What don’t you want to talk to your children about? I mean besides sex. How about money.
This was pointed out by Rodney A. Brooks in his article “Family and Finances: Avoiding ‘The Talk’?”. He shares the advice of financial planners who believe older adults need to discuss their finances with their children. And children also need to review how their parents are doing with their finances.
(Whoa! Now wait a minute. Do I really want my children knowing about my finances with the certain lectures about how they should be handled? It was bad enough when my children said we had to stay home during the first year of the pandemic. We had to lie to go to the store!)
But the unexpected does happen: dementia, incapacitation, or death. Then your children will have no idea about your financial situation leaving your children in a mad scramble to figure things out without your help.
So why do many of us avoid family discussions about finances?
As I mentioned, we may feel the more people who know our financial situation, particularly our children, the greater chance of losing control and being told what we should do.
Also, it’s often hard to know how to begin the conversation. We don’t have much experience discussing money matters. It’s something we just don’t talk about.
Finally, we don’t want our children to act differently knowing of their potential inheritance. Do my children care about me or their inheritance? (I don’t have to worry. My children know there won’t be an inheritance. They’re just relieved knowing they won’t be responsible for any of my debts!)
What are some ways to avoid difficulties when having “the talk” about your finances? According to several financial advisors, there are three actions you should consider.
Create one family financial organizer you can share with your children that includes key contacts, bank accounts, investment accounts, insurance policies, wills/trusts, and passwords. You can find different organizers on Amazon.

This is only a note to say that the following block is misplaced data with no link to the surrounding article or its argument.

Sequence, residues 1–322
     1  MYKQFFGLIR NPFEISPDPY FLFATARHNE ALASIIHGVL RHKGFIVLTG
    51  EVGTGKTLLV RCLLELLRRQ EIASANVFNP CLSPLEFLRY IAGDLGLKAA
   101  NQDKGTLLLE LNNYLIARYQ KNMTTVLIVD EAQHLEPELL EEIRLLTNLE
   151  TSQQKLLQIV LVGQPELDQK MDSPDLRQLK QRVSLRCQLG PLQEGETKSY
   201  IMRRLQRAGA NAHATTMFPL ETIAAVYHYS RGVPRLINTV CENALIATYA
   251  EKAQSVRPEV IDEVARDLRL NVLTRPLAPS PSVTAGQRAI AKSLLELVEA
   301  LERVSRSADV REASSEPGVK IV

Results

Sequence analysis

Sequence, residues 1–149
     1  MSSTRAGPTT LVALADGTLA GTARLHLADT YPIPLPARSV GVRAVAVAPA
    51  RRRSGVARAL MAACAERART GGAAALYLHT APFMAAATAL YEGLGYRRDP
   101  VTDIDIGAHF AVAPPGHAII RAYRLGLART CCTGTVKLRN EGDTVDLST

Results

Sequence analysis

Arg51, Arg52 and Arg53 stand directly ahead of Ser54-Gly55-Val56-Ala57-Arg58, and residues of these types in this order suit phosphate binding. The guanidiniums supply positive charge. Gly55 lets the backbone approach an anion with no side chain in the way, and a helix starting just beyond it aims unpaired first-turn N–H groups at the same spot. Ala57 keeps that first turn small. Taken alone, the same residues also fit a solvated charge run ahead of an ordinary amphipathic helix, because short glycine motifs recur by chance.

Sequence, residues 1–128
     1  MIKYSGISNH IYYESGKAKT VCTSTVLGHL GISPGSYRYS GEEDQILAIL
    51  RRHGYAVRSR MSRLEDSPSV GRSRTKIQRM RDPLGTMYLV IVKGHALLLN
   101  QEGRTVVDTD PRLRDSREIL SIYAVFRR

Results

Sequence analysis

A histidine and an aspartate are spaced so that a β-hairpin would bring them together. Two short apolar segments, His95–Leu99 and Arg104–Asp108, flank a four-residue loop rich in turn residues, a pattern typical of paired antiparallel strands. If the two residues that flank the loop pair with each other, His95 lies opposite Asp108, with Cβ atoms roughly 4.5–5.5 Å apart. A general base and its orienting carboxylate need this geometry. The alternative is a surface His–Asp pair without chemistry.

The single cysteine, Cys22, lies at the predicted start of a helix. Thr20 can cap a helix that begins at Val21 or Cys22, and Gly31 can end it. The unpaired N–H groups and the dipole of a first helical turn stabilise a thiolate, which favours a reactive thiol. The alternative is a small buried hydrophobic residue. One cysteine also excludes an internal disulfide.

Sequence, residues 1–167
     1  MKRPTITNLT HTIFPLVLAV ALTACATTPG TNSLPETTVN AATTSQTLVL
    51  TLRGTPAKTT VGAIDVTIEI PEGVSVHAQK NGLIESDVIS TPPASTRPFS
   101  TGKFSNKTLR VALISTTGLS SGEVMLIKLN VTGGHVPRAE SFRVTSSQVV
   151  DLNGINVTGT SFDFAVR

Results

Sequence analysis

Identify a trusted advisor: someone who does NOT have power of attorney or authority to act on your behalf. Share their name with your financial advisor, if you have one, in case they feel things don’t seem right.
And as with most uncomfortable topics, it helps to have honest and direct communication – which is always easier said than done.
Your children are not the only ones to talk with. Does your spouse understand your financial situation? Often there is one in the marriage who is responsible for the financial decisions. You might feel more comfortable discussing finances with your children by first having a discussion with your spouse.
Think about having “the talk”. You don’t want to leave your children, and your spouse, the difficult, complex, and usually expensive responsibility of cleaning up your estate.
To read “Family and Finances: Avoiding ‘The Talk’” click here where you’ll find more financial resources and virtual classes.
The 1961 television sitcom featuring a talking palomino horse and Wilbur Post his hapless owner was Mister Ed. (I apologize if you now hear the theme song “a horse is a horse, of course, of course” constantly echoing through your brain!) I received correct answers from Rhonda Spies, Barbara Cadwell, Doug Nelson, Emmett Sampson, Gene Uczen, Dave Lutgens. Kim Birge, Lana Tepfer, Steven Woolpert, Julie Carter, Jack Bisset, Keith Clymer, Jim and Betsy Ayres, Tina Castanares, Kathy Vawter, and this week’s winner of a quilt raffle ticket: Margo Dameier who received a Mr. Ed talking hand puppet for Christmas when she was in 4th grade! And last week I missed Lana Tepfer.
This week’s question is about a common antiseptic from the ’50s. When I had a cut or scrape, my mom would paint it with this orange liquid that always stung. (But if I blew on it, the stinging would go away!) What was the trade name of this antiseptic that some called “Monkey Blood”? E-mail your answer to email@example.com, call 541-296-4788 or send it with your favorite memory of this antiseptic.
Well, it’s been another week and another quarter in the parking meter of life. Until we meet again, I know I should appreciate each season, and I do, but is it too early to start wishing it was spring?
“A lot of people like snow. I find it to be an unnecessary freezing of water.” Carl Reiner